Ethanol and Coal

03 August 2007

I normally don't care for commentary from Rolling Stone magazine, but this recent article about corn-based ethanol was actually quite interesting.

On whether it will replace fossil fuels:

"The most seductive myth about ethanol is that it will free us from our dependence on foreign oil. But even if ethanol producers manage to hit the mandate of 36 billion gallons of ethanol by 2022, that will replace a paltry 1.5 million barrels of oil per day -- only seven percent of current oil needs. Even if the entire U.S. corn crop were used to make ethanol, the fuel would replace only twelve percent of current gasoline use."

On whether it will reduce greenhouse gas emissions:
"Another misconception is that ethanol is green. In fact, corn production depends on huge amounts of fossil fuel -- not just the diesel needed to plow fields and transport crops, but also the vast quantities of natural gas used to produce fertilizers. Runoff from industrial-scale cornfields also silts up the Mississippi River and creates a vast dead zone in the Gulf of Mexico every summer. What's more, when corn ethanol is burned in vehicles, it is as dirty as conventional gasoline and does little to solve global warming: E85 reduces carbon dioxide emissions by a modest fifteen percent at best, while fueling the destruction of tropical forests."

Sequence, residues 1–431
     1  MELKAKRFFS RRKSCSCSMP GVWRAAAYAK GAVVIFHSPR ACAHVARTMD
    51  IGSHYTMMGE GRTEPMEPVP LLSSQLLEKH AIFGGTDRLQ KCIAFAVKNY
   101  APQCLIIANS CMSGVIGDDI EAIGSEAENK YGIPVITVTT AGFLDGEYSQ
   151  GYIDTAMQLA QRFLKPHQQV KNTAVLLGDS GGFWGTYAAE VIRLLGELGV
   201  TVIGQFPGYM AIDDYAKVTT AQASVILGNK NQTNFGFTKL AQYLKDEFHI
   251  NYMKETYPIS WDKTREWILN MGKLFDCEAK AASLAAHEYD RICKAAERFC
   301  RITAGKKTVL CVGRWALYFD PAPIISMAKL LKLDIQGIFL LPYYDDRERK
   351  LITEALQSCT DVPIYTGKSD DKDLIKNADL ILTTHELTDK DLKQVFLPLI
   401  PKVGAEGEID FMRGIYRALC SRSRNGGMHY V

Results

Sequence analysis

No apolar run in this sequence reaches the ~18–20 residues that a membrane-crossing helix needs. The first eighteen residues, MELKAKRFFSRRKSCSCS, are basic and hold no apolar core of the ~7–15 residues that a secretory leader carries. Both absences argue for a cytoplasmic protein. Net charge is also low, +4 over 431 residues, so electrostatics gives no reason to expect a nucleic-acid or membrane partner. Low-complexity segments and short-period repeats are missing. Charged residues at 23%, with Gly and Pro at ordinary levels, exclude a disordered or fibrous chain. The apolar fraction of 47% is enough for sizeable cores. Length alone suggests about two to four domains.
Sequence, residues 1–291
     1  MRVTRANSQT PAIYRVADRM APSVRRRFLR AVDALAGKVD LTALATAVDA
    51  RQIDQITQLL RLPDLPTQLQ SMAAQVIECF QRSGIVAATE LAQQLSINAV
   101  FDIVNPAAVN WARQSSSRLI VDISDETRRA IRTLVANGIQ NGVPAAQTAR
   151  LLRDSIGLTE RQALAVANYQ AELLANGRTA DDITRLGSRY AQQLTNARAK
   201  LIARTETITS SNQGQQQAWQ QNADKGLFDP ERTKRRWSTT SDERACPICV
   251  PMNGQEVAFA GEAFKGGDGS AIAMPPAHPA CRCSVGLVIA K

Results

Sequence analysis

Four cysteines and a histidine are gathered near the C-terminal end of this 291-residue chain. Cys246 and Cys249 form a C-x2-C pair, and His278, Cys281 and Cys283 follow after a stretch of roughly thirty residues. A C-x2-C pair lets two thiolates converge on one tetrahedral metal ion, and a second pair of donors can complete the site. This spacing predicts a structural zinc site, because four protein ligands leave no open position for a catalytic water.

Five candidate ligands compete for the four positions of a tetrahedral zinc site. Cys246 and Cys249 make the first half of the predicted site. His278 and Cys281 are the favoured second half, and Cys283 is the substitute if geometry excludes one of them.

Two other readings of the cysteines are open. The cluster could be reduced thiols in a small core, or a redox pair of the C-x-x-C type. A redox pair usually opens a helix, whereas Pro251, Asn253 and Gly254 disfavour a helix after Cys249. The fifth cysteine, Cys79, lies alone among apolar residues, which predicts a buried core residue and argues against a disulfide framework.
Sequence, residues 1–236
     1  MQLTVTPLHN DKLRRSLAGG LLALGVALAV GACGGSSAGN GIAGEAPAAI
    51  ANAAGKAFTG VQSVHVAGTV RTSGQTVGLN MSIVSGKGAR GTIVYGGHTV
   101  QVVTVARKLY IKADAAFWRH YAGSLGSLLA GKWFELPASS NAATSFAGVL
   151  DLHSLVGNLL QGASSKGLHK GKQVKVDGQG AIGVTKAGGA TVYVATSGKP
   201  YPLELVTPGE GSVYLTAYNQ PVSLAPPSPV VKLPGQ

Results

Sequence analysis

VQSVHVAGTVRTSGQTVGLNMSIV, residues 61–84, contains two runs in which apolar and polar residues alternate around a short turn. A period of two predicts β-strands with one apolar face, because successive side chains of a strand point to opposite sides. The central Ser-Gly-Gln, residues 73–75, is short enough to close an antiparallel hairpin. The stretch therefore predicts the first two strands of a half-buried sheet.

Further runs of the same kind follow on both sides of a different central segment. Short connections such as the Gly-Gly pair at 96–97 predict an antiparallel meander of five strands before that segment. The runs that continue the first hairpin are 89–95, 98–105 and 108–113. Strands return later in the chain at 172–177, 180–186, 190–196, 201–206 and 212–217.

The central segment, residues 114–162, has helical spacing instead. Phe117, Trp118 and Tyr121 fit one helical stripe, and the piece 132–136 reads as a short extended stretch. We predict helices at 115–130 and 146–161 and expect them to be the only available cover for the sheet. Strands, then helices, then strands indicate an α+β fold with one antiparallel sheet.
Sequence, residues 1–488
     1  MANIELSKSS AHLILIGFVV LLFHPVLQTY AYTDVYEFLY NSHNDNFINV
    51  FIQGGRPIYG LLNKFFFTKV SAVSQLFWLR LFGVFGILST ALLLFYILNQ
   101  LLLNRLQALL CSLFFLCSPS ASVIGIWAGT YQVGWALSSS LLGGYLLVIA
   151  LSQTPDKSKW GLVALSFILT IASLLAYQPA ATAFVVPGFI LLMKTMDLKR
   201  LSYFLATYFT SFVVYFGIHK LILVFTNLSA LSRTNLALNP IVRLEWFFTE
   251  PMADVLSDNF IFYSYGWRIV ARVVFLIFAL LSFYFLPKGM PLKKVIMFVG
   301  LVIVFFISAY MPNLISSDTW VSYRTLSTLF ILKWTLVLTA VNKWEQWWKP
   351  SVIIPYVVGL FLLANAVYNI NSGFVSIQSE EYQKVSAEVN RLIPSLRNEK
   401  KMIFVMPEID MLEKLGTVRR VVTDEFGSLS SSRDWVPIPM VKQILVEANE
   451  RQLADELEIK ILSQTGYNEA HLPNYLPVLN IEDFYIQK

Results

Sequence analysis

The effects on the food market:
"But the biggest problem with ethanol is that it steals vast swaths of land that might be better used for growing food. In a recent article in Foreign Affairs titled "How Biofuels Could Starve the Poor," University of Minnesota economists C. Ford Runge and Benjamin Senauer point out that filling the gas tank of an SUV with pure ethanol requires more than 450 pounds of corn -- roughly enough calories to feed one person for a year."

Also, Coal:

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